In May, Honda Motor Co. opened its second assembly plant in Lincoln, Ala. The two production lines, which the automaker calls Line One and Line Two, form an operation that will employ 4,200 people building a total of 300,000 minivans and SUVs and 300,000 engines a year. Line One opened in December 2001.
Masaaki Kato is CEO of Honda Manufacturing of Alabama LLC, which operates the complex.
Kato, 53, joined Honda in 1974 and has held other positions there including head of global quality and director for Honda r&d.
He spoke with Staff Reporter Lindsay Chappell in Lincoln.
How did the launch of Line Two compare with that of Line One?
Until now, Line One of the Lincoln plant was the newest plant we had. When we launched it, we learned a great deal about the issues we faced in Line Two construction.
The basic concept is a mirror image, but we thought of many improvements along the way, especially in the area of construction management. We approached it much more efficiently.
As a result, while Line One took 20 months to launch, Line Two took 17 months.
How did you do that?
In the case of Line One, scheduling the construction and the introduction of plant equipment onto the site created some amount of confusion. We had to go through many schedule changes, which we wanted to avoid for the second plant.
It also helped that the same people who went through the Line One construction participated in the second plant. They were aware of the need for improvements.
And we used the same building contractor. So he, too, brought that experience to the second project.
Honda has said a lot about creating a manufacturing system that permits faster and easier model launches. How will that happen?
Several years ago, we drew up this new manufacturing system that provides flexibility for many models.
The two big changes were to create common processes from line to line and also the change to a flexible welding system.
Our line here in Alabama is such a system. The new Line Two currently builds the Odyssey plus the Pilot. But in October or November, it will also begin building the new-generation Odyssey. Line One, which currently only builds the Odyssey, will also have the opportunity to change to a flexible line with a different model.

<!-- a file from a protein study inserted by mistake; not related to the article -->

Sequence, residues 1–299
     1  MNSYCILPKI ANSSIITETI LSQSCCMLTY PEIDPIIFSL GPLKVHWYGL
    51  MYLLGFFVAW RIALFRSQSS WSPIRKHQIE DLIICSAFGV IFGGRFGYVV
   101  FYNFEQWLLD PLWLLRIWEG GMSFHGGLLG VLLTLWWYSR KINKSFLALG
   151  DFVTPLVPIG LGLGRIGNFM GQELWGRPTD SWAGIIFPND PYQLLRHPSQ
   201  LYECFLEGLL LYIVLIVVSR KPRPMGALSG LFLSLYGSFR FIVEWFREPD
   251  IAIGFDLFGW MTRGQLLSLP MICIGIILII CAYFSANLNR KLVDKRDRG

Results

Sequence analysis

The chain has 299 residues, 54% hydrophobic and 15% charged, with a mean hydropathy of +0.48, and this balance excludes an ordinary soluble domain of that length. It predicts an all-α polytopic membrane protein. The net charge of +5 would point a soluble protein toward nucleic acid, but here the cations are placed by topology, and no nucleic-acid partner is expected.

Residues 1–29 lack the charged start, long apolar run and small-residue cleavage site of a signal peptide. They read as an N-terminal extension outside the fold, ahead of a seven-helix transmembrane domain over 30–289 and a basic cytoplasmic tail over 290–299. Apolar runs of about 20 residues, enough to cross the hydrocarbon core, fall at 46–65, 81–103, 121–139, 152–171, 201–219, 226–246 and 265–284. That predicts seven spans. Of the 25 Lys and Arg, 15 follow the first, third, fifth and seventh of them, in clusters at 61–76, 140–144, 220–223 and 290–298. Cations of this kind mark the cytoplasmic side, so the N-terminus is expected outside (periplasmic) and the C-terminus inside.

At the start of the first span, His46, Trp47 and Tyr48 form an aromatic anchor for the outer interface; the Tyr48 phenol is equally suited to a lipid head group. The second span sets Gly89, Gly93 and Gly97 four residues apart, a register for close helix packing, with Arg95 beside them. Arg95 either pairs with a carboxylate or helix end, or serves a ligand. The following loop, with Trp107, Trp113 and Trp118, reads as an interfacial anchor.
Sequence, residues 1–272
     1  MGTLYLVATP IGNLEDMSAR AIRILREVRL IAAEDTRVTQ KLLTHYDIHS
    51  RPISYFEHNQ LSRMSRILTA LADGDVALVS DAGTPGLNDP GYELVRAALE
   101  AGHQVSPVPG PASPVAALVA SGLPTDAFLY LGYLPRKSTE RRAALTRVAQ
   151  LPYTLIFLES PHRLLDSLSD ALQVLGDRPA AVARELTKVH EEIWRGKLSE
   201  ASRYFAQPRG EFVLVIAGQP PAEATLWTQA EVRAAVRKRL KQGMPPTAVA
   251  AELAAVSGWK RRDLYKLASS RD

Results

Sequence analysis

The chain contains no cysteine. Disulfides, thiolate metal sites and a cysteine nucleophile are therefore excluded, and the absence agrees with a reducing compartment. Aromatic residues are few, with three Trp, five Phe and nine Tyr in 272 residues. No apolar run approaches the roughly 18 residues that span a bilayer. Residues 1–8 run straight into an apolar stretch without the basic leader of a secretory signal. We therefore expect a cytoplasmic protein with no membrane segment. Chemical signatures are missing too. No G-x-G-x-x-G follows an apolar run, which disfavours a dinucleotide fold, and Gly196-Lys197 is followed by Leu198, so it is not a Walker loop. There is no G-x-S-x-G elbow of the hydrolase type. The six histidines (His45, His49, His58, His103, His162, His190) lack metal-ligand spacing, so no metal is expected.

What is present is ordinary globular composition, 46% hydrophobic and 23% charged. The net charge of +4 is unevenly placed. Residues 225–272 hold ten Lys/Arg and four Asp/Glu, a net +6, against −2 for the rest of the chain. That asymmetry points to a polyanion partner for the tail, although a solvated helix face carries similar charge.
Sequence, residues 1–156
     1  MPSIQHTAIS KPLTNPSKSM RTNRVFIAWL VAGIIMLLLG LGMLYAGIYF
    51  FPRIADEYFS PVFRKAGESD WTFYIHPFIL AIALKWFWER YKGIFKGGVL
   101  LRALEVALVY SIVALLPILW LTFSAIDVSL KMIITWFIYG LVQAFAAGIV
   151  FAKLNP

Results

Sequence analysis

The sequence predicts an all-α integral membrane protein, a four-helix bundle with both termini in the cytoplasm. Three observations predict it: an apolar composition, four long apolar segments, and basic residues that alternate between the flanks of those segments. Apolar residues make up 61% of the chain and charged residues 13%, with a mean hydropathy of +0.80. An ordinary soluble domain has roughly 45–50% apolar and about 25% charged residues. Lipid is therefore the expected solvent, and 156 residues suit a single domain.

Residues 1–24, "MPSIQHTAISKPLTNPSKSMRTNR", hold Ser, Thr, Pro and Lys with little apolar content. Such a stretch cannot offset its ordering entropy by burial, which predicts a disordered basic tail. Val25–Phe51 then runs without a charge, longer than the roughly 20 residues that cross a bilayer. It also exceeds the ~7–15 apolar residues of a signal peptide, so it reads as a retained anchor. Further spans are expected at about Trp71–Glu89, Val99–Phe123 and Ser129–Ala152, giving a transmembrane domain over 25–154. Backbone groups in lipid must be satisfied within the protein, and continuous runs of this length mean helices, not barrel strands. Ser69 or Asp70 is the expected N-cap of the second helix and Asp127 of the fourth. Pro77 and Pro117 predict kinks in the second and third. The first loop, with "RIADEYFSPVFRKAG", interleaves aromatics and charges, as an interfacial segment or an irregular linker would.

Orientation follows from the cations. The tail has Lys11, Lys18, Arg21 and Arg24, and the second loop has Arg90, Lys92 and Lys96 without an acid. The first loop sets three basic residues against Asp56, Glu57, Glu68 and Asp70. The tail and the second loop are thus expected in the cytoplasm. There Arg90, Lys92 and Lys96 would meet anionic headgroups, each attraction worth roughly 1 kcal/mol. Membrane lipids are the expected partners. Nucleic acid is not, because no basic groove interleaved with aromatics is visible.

What do you gain in terms of schedule?
In Japan, some models moved from our Sayama plant to Suzuka in only four or five months. We can quickly change location of the models.
Our new system here is the same concept.
How many nameplates could you build in Lincoln?
Probably three on one line.
Could you build three on one line and three completely different ones on the other line?
Yes. It would take some investment to make changes to the lines.
Canada is already doing three on one of its lines.
You've developed a pattern whereby Honda of Canada takes responsibility for launching a nameplate and then hands off volume production to Alabama. Why do you do it that way?
When we started construction in Alabama, Canada was already producing the Odyssey, and the demand was very strong.
It had matured by the time Alabama opened, and it's much easier for a new plant to build a mature model.
But we're now preparing for a new Odyssey this August, and it will be a completely brand-new model.
But it is a very big challenge for anyone to build a new model.
In Japan, our Sayama and Suzuka factories both have much experience in launching new models, but they still have trouble with it.
So it would be very, very challenging for us to do it.
Yet some of your competitors are hiring a new work force and entrusting them with an all-new product.
I think that must be very difficult.
One of the reasons for our success, I believe, is that we start factory production with a mature model.
When Canada built the first Odyssey, it was also constructing a second line, and that was a big challenge.
At that time, I was in charge of quality in Japan, and I had to go to Canada many times.
How much experience is necessary before a plant can take on all-new product? Will Alabama reach that point?
It took Honda 20 months to launch the Odyssey production line in Alabama.
My philosophy is that we must call on all of Honda for help, from Honda of America as well as Honda of Japan.
But you know, Honda of America has maybe 25 years of experience, and they still have some problems with a new-model change. The same with Honda in Japan.
Is all of this learning experience in North America - not just in constructing factories but in launching new products and so forth - helping Honda elsewhere in the world?
We've learned much in the North American operations.
Our experience finds its way back to the rest of Honda. Honda UK has benchmarked Alabama on engine casting.
Honda is not so centralized. Each region has responsibility for its own operation, independently.
Some portion of each region's responsibility we share globally, especially in manufacturing. We have inter-regional meetings every two months and share information.
In the case of sliding passenger doors, for example, Europe has no model that requires sliding doors. But if they did at some time in the future, we could transfer our knowledge to them.
Honda can build factories faster now. But what about the rest of the world - all of those contractors, suppliers and the state employee training offices? Can they keep up with your pace?
Well, in the case of Line Two, they did.